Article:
Design and Simulation Analysis of Braking system for ATV is carried out with the assistance of Ansys and MATLAB. Heat generated increases the temperature of the disc brake at the rubbing surface resulting in thermal stresses in the components of the braking system. Static, Structural, Thermal, Dynamic, Computational Flow Dynamics, Vibrational & Fatigue Behaviour of Ventilated brake disc Rotor, Hub and Brake Caliper are analysed. Stainless Steel, SS-410 material configuration has been considered for disc brake rotor and results obtained are analysed in terms of performance, longevity and efficiency. Braking efficiency and stopping distance curve are analysed from their characteristics plot. Vibrational Behaviour, Static and Structural Behaviour, Thermal Behaviour, Performance Efficiency, Flow Behaviour of Ventilated Disc Brake Rotor can be easily depicted with respect to Bump and Droop during Acceleration, High Climb and manoeuvrability.
In the last decade, the increasing electrification of road transports has stimulated the look for new braking systems with a high corrosion resistance. This resulted in a fervent research activity behind the development of disc brakes with a reduced corrodibility under demanding tribocorrosive environments. Despite of this, a significant reduction of the cast iron disc corrodibility can be achieved not only by developing variously coated rotors, but also by modulating the intrinsic corrodibility of iron. This can be done by and ad-hoc refining of the cast iron: a) alloying elements concentration; b) microstructure; and c) carbon content and morphology. At this regard, in this contribution, the corrosion properties of a representative ensemble of cast iron specimens are reviewed.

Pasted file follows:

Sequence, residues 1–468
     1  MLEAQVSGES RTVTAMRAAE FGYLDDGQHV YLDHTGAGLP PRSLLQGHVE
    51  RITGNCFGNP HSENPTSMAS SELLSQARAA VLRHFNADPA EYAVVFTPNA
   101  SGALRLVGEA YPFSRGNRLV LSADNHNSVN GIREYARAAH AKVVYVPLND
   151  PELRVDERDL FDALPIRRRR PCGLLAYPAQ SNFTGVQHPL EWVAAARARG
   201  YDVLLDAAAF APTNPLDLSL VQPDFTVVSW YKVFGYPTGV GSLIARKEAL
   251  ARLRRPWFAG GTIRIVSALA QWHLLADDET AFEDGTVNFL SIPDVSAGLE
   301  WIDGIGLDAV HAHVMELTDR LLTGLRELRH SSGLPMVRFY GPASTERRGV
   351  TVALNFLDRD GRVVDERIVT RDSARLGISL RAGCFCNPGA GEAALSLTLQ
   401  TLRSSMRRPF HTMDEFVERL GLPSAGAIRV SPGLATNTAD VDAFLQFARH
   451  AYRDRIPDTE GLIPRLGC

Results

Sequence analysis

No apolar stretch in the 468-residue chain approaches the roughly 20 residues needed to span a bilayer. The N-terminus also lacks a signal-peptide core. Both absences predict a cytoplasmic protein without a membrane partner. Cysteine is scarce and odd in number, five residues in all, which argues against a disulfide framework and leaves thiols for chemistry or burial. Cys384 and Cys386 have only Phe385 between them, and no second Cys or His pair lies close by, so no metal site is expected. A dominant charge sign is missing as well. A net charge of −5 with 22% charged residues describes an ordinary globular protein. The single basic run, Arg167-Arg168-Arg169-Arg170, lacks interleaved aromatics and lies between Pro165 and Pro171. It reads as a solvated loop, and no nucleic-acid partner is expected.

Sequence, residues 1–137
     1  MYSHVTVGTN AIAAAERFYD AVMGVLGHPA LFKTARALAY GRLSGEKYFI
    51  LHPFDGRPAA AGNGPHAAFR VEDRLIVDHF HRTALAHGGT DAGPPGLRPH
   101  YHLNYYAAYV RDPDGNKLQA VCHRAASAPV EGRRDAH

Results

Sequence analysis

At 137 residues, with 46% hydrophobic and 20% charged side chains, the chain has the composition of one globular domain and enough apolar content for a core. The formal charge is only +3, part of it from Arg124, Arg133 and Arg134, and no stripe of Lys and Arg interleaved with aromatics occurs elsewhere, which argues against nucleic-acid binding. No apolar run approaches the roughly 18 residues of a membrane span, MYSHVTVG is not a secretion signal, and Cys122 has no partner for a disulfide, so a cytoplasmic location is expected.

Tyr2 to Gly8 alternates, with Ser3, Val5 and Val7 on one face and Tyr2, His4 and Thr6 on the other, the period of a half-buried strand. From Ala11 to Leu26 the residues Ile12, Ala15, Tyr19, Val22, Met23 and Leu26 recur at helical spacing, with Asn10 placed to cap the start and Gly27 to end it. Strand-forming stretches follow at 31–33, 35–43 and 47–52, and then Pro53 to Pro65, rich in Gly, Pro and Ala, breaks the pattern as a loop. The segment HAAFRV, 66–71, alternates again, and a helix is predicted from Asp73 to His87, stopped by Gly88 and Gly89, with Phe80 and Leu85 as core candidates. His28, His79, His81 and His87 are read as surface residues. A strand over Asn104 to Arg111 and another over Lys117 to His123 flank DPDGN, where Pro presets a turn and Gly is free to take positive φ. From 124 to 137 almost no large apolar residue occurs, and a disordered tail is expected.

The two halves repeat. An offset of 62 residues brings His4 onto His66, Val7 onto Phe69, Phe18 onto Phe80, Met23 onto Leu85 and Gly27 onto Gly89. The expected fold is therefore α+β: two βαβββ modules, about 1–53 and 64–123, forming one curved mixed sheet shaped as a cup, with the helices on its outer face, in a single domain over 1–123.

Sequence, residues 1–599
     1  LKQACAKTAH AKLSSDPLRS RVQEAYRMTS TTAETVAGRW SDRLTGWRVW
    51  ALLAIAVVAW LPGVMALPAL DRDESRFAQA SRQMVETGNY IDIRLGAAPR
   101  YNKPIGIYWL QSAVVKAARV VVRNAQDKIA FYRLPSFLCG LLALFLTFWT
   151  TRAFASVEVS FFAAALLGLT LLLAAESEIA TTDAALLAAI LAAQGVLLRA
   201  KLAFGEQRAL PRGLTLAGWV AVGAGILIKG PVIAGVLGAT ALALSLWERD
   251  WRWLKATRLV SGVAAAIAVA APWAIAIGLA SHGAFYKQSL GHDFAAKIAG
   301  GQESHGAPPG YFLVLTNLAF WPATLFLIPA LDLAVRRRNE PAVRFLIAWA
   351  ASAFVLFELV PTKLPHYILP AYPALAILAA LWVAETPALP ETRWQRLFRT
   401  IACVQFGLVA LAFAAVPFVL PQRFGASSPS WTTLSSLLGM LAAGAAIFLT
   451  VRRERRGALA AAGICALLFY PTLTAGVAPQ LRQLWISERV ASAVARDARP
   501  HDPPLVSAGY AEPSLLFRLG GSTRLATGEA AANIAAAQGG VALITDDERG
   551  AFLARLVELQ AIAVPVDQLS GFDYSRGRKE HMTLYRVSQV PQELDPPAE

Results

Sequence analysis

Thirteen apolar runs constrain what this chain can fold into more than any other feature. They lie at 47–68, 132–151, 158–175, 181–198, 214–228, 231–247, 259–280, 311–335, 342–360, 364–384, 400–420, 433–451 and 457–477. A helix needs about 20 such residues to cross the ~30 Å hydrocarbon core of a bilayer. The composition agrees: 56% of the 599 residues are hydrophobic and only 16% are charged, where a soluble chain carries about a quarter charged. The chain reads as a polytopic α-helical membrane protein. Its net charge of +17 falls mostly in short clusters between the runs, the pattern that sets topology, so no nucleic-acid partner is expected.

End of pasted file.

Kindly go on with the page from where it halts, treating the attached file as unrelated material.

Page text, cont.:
Brake calipers for high-end cars are typically realized using Aluminum alloys, with Silicon being the most common alloying element. Despite the excellent castability and machinability of AlSix alloys, anodization is often necessary in order to provide to AlSix components the required corrosion resistance or when the braking system has to withstand to severe chloride-rich environments . Even if the anodization process is known for almost 100 years, a continuous research and process optimization can lead to the development of anodic layers with enhanced morphological and electrochemical properties, which enable a prolonged resistance of calipers under endurance corrosive tests (e.g. >1000hours Neutral Spray Tests).